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I was asked a few days ago if I feel more American or Canadian. That really depends on a lot of factors I will describe below, but I think the single greatest answer I can give is that when I am in America or among a bunch of Americans, I feel the most Canadian, and when I am in Canada or amongst a lot of Canadians, that’s when I feel the most American. The differences are considerably more stark when you are in the minority. It’s like having a mirror held up to me which emphasizes my most American traits when other Canadians share the mirror with me, and vice versa.

But I digress. Time for a list!

I feel more Canadian than American because

1.) I am a big believer in allowing people’s cultural, linguistic, and national origins to coexist and remain unique within Canada, rather than compelling people to assimilate. In short, I favour the mosaic over the melting pot.

2.) I have no real problems with monarchy, and I am not really perturbed by its continued existence. I understand certain criticisms of the monarchy, but find the likelihood of it being demolished in my lifetime to be on par with the idea of Montana separating from the U.S: Highly unlikely and somewhat laughable.

3.) I get visibly uncomfortable in cities which do not have a lot of green spaces like parks, and feel compelled to pick up trash whenever I see it.

4.) I believe healthcare is an essential right which should not ever be denied based on an inability to pay.

5.) I’m in touch with the European heritage I do have, and don’t raise eyebrows at people wearing kilts.

6.) I don’t believe that freedom of speech covers hate speech or threats of violence, any more than it covers yelling “fire!” in a crowded theatre or telling everyone I know that someone I don’t like is a convicted pedophile.

7.) I believe that bookstores are more important to have in a vibrant downtown area than Starbucks or a dance club. Can’t say no to a nice karaoke bar though.

8.) I consider bilingualism/multilingualism to be a necessity, not a luxury.

9.) I think that what passes itself off as mainstream left-wing ideology in the U.S is anaemic and in need of a good purge of anything related to upholding the “golden mean” fallacy.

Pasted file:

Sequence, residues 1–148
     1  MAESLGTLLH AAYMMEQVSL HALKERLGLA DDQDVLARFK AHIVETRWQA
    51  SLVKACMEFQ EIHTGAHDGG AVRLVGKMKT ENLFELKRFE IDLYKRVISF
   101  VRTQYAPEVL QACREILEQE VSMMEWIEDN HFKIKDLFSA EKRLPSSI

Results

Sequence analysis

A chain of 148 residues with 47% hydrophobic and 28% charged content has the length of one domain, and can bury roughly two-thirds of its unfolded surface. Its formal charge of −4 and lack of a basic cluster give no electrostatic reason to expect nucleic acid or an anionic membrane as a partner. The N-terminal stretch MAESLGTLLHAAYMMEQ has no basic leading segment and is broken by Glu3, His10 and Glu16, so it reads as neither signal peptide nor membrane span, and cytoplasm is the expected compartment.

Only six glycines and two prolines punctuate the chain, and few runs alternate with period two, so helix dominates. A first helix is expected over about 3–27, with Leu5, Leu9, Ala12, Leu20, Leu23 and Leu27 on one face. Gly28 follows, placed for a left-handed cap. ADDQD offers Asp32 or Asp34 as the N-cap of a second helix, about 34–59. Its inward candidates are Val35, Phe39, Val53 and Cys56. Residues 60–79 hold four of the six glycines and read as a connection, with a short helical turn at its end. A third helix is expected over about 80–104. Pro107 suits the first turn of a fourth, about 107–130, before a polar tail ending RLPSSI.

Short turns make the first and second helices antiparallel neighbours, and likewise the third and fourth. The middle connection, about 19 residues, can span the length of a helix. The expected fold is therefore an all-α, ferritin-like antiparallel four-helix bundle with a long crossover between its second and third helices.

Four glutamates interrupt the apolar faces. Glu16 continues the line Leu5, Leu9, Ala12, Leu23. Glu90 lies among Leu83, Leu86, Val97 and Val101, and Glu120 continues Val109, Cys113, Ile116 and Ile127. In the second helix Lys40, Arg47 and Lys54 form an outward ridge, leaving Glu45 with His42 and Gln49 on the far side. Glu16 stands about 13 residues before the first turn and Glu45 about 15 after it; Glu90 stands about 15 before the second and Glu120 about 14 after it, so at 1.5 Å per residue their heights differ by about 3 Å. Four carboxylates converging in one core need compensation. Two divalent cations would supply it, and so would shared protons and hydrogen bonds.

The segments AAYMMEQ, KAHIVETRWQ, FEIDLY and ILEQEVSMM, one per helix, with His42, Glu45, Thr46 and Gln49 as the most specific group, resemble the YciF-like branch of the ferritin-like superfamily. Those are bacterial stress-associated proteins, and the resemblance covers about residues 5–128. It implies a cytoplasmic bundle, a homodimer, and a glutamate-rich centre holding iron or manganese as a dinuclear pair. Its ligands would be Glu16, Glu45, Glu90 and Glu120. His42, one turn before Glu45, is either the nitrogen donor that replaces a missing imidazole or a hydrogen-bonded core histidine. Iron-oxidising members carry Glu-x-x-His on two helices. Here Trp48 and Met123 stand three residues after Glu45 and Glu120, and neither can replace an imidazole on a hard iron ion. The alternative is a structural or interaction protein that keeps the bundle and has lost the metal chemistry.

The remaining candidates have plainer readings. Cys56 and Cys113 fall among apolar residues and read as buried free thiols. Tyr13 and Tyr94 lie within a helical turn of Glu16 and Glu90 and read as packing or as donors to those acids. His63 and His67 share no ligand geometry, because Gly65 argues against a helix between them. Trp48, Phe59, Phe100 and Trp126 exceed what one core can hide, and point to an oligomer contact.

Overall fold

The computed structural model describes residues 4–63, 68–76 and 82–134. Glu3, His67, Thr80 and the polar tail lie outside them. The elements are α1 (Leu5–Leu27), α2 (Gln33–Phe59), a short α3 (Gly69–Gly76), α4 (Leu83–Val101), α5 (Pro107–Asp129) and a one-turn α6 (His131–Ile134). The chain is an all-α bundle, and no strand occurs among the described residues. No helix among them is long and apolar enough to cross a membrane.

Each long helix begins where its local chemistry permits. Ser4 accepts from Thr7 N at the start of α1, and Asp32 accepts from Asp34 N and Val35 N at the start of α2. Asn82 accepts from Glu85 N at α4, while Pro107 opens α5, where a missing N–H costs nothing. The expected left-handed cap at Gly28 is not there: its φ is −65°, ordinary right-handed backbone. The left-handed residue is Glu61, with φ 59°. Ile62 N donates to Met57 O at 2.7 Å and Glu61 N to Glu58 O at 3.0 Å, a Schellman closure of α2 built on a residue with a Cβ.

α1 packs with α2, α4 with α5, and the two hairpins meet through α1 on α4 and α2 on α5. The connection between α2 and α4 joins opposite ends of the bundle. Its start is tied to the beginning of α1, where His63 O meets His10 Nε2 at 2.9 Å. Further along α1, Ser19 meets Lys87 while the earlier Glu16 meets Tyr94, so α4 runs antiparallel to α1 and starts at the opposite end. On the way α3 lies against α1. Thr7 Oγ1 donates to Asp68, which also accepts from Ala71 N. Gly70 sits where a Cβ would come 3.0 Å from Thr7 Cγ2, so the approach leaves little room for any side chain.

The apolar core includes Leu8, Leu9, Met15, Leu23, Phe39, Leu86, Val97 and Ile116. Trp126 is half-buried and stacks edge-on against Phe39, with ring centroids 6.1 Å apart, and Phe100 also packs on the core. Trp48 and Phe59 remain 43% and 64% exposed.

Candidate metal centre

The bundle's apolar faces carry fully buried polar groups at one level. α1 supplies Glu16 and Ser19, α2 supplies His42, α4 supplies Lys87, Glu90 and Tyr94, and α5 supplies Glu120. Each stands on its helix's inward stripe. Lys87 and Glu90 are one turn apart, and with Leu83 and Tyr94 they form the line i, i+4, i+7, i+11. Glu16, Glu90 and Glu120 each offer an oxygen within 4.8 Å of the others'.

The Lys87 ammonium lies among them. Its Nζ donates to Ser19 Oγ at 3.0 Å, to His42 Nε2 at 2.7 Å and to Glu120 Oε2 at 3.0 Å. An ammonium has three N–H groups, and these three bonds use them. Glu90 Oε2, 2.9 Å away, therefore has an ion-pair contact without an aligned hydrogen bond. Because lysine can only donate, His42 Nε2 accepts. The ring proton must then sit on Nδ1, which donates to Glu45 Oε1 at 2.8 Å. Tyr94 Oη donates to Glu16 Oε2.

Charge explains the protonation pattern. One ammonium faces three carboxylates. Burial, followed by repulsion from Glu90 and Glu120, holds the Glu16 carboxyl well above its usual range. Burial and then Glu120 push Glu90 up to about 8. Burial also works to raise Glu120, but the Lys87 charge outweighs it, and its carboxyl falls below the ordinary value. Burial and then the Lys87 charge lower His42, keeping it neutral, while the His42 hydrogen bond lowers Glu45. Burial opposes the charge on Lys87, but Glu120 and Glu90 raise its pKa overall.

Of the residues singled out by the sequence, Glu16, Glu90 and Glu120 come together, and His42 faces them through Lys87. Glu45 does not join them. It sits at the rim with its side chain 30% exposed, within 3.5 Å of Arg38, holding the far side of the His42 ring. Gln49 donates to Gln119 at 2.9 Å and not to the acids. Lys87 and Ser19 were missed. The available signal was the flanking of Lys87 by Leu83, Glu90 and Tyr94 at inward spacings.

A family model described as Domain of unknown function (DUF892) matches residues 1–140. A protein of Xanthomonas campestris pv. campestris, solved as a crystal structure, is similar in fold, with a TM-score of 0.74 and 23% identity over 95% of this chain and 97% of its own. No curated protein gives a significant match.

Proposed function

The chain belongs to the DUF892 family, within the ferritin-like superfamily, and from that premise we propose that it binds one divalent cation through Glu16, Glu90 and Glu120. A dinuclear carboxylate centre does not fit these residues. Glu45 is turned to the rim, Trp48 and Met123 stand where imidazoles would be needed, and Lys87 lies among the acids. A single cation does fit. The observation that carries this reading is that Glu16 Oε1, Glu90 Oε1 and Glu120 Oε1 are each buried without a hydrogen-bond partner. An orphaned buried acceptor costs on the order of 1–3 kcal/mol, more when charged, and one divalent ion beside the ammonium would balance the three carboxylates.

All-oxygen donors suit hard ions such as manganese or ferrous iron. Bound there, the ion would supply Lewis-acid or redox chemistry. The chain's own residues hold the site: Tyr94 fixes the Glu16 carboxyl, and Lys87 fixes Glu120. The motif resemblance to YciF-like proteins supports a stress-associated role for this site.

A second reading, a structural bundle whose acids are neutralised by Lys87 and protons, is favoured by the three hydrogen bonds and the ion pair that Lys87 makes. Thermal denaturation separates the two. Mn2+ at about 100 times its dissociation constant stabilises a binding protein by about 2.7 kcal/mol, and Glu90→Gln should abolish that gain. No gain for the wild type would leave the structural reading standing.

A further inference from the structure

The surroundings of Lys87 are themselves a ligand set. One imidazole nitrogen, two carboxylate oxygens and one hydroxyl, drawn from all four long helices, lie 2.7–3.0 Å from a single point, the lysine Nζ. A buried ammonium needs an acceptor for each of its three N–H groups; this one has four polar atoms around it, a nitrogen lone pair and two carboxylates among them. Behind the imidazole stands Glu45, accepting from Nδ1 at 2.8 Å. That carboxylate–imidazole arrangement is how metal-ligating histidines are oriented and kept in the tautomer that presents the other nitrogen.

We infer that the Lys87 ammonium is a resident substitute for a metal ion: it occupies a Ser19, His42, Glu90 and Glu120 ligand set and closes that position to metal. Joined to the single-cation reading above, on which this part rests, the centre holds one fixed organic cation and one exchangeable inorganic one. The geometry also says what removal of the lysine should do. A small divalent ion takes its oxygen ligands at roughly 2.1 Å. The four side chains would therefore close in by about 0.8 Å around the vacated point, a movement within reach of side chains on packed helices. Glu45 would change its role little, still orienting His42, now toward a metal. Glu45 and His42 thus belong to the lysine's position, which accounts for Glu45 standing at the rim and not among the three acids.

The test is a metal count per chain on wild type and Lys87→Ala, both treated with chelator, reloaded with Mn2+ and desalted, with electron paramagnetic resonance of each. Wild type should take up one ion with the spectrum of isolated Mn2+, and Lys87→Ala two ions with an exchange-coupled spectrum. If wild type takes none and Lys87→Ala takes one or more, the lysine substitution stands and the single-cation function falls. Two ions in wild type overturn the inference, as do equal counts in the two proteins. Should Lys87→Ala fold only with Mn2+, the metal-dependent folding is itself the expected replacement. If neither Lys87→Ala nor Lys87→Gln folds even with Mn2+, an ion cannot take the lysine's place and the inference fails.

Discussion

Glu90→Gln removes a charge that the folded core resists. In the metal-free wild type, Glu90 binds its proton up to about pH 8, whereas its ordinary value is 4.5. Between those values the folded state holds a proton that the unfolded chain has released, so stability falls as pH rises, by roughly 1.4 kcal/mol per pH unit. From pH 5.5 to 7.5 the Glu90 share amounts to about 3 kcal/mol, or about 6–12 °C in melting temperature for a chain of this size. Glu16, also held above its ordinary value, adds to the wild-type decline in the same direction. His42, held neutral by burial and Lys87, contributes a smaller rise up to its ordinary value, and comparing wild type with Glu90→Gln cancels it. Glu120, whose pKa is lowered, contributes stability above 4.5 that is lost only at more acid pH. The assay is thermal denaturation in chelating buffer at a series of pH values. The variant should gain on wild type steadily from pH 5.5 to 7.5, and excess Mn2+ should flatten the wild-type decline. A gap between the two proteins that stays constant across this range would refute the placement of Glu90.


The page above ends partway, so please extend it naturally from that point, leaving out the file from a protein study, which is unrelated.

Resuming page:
10.) I find the “all marriage, all the time” focus of queer activism in the U.S to be problematic and short sighted.

11.) I find U.S elections to be needlessly drawn out, long, bombastic, and expensive.

12.) Religion is private, not something to discuss over lunch.


I feel more American because

1.) I don’t consider everybody’s feelings on a subject to be equally valid, and find the notion that we should be polite and respectful of the convictions of others, even when based on blatant falsehoods, to be stupid beyond belief.

2.) I love guns, I shoot for a hobby, and see no problem with a police officer using firearms in a situation where (s)he suspects that civilian lives may be in danger, and I believe in the right of someone to protect their lives and property with force if necessary.*

3.) Tim Hortons isn’t as good as Krispy Kreme, and definitely not as good as the Komoda Bakery, and never will be. Sorry Jaime.

4.)  I am supremely pissed off by the fact that Jimmy John’s and Outback Steakhouse are only located in Alberta (and Ontario)

5.) I think that as far as national anthems go, O Canada could use a major overhaul in the melody and lyrics.

6.) I’m still dumbfounded over how Canadians deride Toronto as being filthy, or crowded, or a victim of urban decay. Have they never been to Los Angeles?

7.) Canadian devotion to Canadian music scares me. It’s the only truly jingoistic part about the Canadian identity, and I think it’s still a hangable offence to insult The Arrogant Worms, Barenaked Ladies or Moxy Fruvous (I like all three bands, mind you) I can’t imagine myself ever getting that worked up and devoted to say, Pepper.

* These came about because I was watching an episode of NUMB3R5 with Jaime’s family, and it involved a security guard shooting and fatally wounding a robber at a jewellery store who reached into her coat pocket. Jaime’s sister expressed shock and disgust at the idea of the security guard shooting the robber, and I explained that the guard probably thought the robber was pulling out a gun, and that in a situation like that, it’s important to make sure that civilians in the jewellery store aren’t injured or at risk of being taken hostage, so you shoot first, ask questions later. She was very shocked and horrified to hear this. Later on, we were talking about property and farms for some reason, and I mentioned “Trespassers Will Be Shot” signs, which she was again horrified and disgusted by, questioning their legality. They’re perfectly legal, and it is within the law, at least in Montana, to shoot someone who trespasses.